Study of extinction rates following habitat loss offers hope that some species can be saved
Unfortunately, loss of plant and animal habitat leads to local species extinctions and a loss of diversity from ecosystems. Fortunately, not all of the extinctions occur at once. Conservation actions may still be able to save threatened species, according to William Newmark, a vertebrate zoologist at the Natural History Museum of Utah at the University of Utah.
|Greater sage grouse [Credit: William Newmark]|
In deep debt
When natural habitats are lost, species lose the physical space and resources they need to continue growing and expanding. Habitats are usually lost due to human activity, such as building roads or clear-cutting a forest. After such a disturbance, the habitat can no longer support the number of species that live there and species begin to disappear until the habitat reaches a new normal. The difference between the old and new amounts of biodiversity the habitat can support is called the "extinction debt."
The research team, which included John M. Halley and Nikolaos Monokrousos from the University of Ioannina, and Antonios D. Mazaris and Despoina Vokou from the University of Thessaloniki, reviewed 43 previous studies spanning 1971 to present that included descriptions of biodiversity loss following habitat fragmentation in five taxonomic groups: mammals, plants, birds, reptiles and invertebrates.
Newmark and his colleagues found a shallow J-shaped curve, nearly identical in each taxonomic group, that described how the rates of extinction loss change over time. At first, extinction rates are high, and then decelerate until the point at which half of the extinction debt is paid off. After that point, species loss continues but at a slower rate until a new equilibrium is reached.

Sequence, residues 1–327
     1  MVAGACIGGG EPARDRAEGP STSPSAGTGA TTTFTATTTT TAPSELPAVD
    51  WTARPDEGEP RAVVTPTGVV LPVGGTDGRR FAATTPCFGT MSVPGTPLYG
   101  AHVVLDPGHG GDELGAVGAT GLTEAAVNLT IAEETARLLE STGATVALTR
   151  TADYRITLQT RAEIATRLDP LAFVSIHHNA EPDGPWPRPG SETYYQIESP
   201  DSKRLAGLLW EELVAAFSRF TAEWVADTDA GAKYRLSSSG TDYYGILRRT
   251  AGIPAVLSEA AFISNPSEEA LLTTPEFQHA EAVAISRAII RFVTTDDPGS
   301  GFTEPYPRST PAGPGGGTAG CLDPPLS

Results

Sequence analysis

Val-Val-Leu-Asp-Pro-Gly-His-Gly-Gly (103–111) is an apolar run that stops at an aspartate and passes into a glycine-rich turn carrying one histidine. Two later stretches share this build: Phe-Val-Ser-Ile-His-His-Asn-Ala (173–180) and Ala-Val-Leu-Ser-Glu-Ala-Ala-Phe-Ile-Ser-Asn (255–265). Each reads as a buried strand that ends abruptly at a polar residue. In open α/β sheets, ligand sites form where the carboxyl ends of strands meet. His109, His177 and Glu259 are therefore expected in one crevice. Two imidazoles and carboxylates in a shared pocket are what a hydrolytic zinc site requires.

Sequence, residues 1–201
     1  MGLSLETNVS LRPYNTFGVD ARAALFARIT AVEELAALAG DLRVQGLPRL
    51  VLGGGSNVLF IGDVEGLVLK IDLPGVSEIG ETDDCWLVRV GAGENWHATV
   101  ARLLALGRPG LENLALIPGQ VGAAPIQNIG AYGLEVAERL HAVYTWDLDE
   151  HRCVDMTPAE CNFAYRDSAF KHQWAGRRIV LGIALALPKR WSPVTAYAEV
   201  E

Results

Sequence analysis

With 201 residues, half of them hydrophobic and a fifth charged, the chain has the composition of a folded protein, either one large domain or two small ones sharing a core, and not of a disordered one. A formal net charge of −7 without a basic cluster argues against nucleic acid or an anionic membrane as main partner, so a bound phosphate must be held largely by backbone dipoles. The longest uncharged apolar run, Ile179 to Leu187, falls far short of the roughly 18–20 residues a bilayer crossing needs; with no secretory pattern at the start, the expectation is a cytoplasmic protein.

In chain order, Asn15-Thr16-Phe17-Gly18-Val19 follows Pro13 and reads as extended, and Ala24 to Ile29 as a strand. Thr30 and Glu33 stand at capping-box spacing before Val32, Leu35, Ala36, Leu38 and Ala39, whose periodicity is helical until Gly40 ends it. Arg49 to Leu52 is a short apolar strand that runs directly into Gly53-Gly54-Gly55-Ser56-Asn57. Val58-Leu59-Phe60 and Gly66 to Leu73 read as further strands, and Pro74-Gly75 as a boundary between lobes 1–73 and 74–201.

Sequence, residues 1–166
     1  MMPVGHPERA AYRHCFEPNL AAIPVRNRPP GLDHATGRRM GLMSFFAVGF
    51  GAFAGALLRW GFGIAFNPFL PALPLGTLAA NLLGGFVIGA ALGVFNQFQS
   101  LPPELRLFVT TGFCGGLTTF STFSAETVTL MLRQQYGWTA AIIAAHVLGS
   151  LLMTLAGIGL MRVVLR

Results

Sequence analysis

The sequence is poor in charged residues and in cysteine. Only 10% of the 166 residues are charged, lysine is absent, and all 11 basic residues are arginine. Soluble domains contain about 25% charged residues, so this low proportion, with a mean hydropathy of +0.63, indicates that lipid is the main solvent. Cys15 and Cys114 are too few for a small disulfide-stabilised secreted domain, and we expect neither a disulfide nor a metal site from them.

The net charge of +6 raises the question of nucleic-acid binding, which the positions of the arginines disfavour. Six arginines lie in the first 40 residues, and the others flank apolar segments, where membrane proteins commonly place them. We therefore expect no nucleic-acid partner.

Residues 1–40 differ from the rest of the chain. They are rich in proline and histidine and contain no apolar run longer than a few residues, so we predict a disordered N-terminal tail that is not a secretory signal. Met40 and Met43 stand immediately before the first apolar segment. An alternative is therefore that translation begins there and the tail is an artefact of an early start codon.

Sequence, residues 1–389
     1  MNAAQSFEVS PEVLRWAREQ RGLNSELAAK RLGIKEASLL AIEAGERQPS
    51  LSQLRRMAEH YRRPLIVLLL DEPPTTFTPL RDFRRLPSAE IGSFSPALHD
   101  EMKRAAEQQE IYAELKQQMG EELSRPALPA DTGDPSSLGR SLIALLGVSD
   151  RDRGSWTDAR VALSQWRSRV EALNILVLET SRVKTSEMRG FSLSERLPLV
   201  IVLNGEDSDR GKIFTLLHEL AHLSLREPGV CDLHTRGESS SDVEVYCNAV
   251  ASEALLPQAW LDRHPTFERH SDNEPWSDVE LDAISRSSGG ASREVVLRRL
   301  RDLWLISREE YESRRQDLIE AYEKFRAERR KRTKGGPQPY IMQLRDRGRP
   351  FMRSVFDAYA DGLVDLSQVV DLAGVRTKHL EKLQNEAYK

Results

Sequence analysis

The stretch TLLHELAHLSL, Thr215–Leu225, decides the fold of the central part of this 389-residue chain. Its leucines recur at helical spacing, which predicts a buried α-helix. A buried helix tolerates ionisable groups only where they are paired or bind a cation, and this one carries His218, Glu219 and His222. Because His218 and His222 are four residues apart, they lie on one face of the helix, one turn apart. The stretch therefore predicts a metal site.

Several factors influence the timeline in which the biodiversity loss process plays out, but Newmark says that all groups they studied, even those thought to be resistant to extinction such as plants, showed the same pattern. These similar patterns emerge if species loss is calculated in terms of average population size and time for a new generation to arise for these taxonomic groups.
"With those two constants along with historical and current species numbers, we can predict the rate at which species will be lost in habitat remnants," Newmark said . "Most plants will have much larger populations than large mammals. Obviously plants will disappear more slowly. But the shape of this trajectory in species loss over time is identical to that of mammals."
The halfway point
The researchers also addressed an ongoing question in population ecology: Does species loss occur more quickly in small habitats versus large ones? The results suggest the answer is yes. The half-life, or halfway point of species loss, was proportional to the habitat area. Smaller habitat fragments produced more rapid half-lives.
Such a finding suggests that half-life could be extended by expanding the area of the remaining habitat fragments. "Creating connectivity between habitat remnants reduces this rate of species loss," Newmark said.
Although the first few species to bear the brunt of extinction debt disappear rapidly, regardless of habitat area, Newmark's findings suggest that a window of opportunity exists, following habitat loss, to preserve species at risk and re-establish a viable habitat able to support a diverse complement of life.
"This study has important implications for conservation, whether it's in national parks, tropical forest remnants, or oceanic islands," Newmark said. "It emphasizes the importance of acting quickly."
Source: University of Utah [July 25, 2016]